The Trouble Begins at 8: A Life of Mark Twain in the Wild, Wild West Reviews

UPDATE TIME: 2019-01-13 
Review Score: 3 out of 5 star From 9 user ratings

"Mark Twain was born fully grown, with a cheap cigar clamped between his teeth . . .

While not as in-depth as a scholarly biography of Twain for adults nor the same as reading Twain himself, this is probably the next best thing in both instances--an engaging way to introduce kids to both the man and his writing. Fleischman has always been a clear descendant of Twain and he does a good job of using Twain-like language to tell the story of the man's early years, how he went from being born Samuel Clemens to becoming his chosen pen name.

Learning to read was a momentous event in Sam's life. It would soon enable him to breach the borders of Hannibal and to shake hands with the world at large. He mastered the printed page in lightning storms of boyish curiousity. With a memory well stocked with flypaper, he could reel off whole pages from tales of adventure. He could spell almost as well as the dictionary and triumphantly walked away with all the school spelling prizes. Words were a conjuration, and their charms had begun to bewitch him.


Clemens reacted with dismay at the gross humbugability of his fellow man. This judgment would agitate his sensibilities until he petrified into a public scold. So ruffled did he become at the human gift for homespun ignorance and hypocrisy, for greed and crackpot bigotry, that he would become a one-man firing squad.
" said.

"I'm not a big Twain fan, so I was a little unsure going into this one. But let me tell you - this is a great story on its own merits. Sure, I think it would help going in to know what a famous literary figure Twain turned into, but I don't buy the argument that kids won't read it because it's about a dead writer they don't care about. Fleischman does a fantastic job of showing the tragedy, humor and adventure in Twain's life, using a chatty, over-the-top style that's perfectly suited to his subject matter. I wasn't quite sold on Fleischman's biography of Houdini, but here he's found his subject, and he does it justice. He also discusses how tricky it is to figure out what was real and what was a tall tale in Twain's life. We get the flaws and the glory, the debt and the successful river boat captain, the Wild West and the cramped stagecoach, the duels and the tree-climbing buffalo.

I would definitely recommend this both for fun and for those pesky biography assignments. It fits the bill at over 100 pages, with plenty of content and no dry passages, and splendid references at the end. There's a timeline, index, bibiography, a note on distinguishing fact from fiction, and commendably thorough references on quotations and pictures. But don't let this sit on the shelf until someone needs a biography for a class project - this is an entertaining story in its own right, and should appeal to kids with an interest in adventure, history, travel, the Wild West, and so forth.
" said.

" Everything about this book suggests the time and place and life of Mark Twain: off-white creamy paper, flourishes on each chapter heading, archival photographs, cartoons and paintings. Fleischman’s style is also appropriate, folksy and humorous, with comments such as ‘Nothing traveled fast in those days except the common cold’. Short chapters, double-spaced text, oversized format and tidbits of interesting information will draw young readers into this biography, Fleischman’s second in two years, the first being Escape! The Story of the Great Houdini.
There are lots of useful nonfiction features here: a timeline of Mark Twain’s life, pages of annotated references, sources of the photographs and illustrations, a bibliography and a list of Twain’s works. Best of all, the biography makes clear the impact of the success of Twain’s first published story, The Celebrated Jumping Frog of Calaveras County; the text is included at the end.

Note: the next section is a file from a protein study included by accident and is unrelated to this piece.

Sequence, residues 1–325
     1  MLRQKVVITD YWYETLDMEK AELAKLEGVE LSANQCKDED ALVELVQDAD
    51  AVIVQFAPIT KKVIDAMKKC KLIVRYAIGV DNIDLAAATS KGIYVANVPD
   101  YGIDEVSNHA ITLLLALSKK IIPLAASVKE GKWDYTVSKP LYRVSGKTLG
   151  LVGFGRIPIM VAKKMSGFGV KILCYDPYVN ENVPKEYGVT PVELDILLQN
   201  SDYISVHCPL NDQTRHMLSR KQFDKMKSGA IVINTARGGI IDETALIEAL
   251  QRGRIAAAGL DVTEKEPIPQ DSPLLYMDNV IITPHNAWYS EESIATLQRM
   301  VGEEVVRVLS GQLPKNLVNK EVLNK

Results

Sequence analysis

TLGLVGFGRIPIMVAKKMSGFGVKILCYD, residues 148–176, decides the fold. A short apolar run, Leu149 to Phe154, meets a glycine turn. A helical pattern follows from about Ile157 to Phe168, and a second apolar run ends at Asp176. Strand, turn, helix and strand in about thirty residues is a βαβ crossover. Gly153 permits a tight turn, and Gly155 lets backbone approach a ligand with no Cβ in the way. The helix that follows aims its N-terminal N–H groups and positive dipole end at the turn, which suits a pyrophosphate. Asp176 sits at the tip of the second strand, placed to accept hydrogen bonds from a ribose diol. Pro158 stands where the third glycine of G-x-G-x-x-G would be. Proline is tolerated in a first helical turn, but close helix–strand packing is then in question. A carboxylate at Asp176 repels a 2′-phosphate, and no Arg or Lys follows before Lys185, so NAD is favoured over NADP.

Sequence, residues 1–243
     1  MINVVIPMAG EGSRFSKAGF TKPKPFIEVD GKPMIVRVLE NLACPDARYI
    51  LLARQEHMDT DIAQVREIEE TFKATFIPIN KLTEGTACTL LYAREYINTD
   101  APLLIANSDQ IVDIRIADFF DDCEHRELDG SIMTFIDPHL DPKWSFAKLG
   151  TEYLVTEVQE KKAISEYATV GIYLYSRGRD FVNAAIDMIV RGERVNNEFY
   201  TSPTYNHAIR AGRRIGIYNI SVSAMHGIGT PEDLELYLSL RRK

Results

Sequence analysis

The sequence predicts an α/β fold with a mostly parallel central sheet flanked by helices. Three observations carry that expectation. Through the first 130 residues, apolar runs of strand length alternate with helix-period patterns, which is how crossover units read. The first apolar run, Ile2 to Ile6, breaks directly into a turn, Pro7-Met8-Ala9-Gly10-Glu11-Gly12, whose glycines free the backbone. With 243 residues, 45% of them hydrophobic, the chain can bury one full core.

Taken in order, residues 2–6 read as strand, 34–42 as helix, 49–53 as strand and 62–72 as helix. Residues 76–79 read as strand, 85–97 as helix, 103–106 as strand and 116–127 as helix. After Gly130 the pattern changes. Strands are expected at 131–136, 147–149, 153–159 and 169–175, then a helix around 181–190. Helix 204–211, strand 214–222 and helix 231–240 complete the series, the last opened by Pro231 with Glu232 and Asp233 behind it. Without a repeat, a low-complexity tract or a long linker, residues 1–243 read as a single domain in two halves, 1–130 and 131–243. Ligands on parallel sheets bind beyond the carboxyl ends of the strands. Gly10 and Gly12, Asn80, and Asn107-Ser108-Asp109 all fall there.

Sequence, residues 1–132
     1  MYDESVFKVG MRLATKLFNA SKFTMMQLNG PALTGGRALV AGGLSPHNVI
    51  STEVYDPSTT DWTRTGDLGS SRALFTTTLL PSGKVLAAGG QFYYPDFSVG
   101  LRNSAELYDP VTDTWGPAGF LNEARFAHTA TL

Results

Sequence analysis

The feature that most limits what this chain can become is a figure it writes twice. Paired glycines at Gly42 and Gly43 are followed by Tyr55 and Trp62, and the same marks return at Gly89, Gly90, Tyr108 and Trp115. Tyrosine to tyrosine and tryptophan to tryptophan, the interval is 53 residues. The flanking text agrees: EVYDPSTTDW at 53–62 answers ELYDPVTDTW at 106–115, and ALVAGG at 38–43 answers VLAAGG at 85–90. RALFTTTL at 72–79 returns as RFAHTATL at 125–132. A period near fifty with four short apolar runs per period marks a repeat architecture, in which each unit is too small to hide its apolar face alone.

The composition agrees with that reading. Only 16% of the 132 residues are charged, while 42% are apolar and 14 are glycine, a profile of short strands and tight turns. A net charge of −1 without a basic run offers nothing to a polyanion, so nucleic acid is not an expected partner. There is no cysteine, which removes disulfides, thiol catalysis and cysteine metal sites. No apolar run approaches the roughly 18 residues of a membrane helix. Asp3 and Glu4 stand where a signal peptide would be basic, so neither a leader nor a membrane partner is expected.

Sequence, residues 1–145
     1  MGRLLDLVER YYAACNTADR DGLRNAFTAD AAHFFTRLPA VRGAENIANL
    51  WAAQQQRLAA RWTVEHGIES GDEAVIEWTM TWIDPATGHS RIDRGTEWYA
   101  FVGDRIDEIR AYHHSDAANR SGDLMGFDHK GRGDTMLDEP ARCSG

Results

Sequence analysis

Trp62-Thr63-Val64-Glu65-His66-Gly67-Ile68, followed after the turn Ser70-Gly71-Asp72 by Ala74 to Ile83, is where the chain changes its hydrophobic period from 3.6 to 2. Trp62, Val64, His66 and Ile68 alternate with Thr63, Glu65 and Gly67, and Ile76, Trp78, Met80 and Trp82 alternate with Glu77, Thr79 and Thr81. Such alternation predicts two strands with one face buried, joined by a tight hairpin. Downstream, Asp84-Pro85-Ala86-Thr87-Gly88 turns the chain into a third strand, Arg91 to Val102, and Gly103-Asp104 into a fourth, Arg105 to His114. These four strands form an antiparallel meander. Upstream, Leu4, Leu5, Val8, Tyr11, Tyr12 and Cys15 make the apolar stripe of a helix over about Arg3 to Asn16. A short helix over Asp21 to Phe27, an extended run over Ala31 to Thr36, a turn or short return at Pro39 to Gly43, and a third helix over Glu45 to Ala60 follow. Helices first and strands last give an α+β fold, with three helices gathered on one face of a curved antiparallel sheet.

Yet somehow Mark Twain’s life story didn’t engage me the way Mark Twain’s writing does. For one thing, I couldn’t help questioning some of the information and/or the way it was presented. For example, the caption under the famous Norman Rockwell painting of a boy grimacing while his mother gives him medicine, reads “Mark Twain confessed to generously sharing his doses of medicine, when no one was looking, with the family cats.” Young readers not familiar with the painting are likely to think the picture is Twain himself and are unlikely, I think, to check the source reference in the back. Throughout the book, Fleischman questions Twain’s truthfulness, even in his own autobiography, but I found myself questioning information given here. Perhaps this would be an opportunity for direct instruction on nonfiction text features? In any case, the book would be an attractive nonfiction addition to a study of Twain’s classic fiction.
" said.

"As a young troublemaker growing up in small-town Hannibal, Missouri, Sam Clemens never would have guessed that he would someday become the wealthy and famous author Mark Twain. (We should be glad he chose the river jargon Mark Twain as his pseudonym because we might have ended up with a distinguished American literary figure named W. Epaminondas Blab or Thomas Jefferson Snodgrass.) During his wild and varied life, Sam would work as a printer, a Mississippi riverboat pilot, a journalist, a gold prospector, and a travel writer before becoming a novelist and lecturer. His trademark wit and humor would become such a part of his personal and professional life that it is hard to untangle the fact from the fiction in his own biography. When he brought to life timeless characters like Tom Sawyer and Huckleberry Finn (based on his young self and childhood friend), Mark Twain changed the fabric of American literature - and humor - forever.

The writing in this book takes some getting used to, but from what I remember of Twain's works that I've read, it's pretty faithful to his style. Sometimes the humor is so dry that you almost have to go back and read it again, so I'm not sure if every young reader is going to get a lot out of it. Just reading about all the different adventures and careers that peppered Twain's life, though, is entertaining enough, so I'm sure this book will find its audience. I think it's also an interesting exercise in trying to figure out what parts of Twain's life he made up or exaggerated - and whether that even matters. Definitely recommended for Twain fans.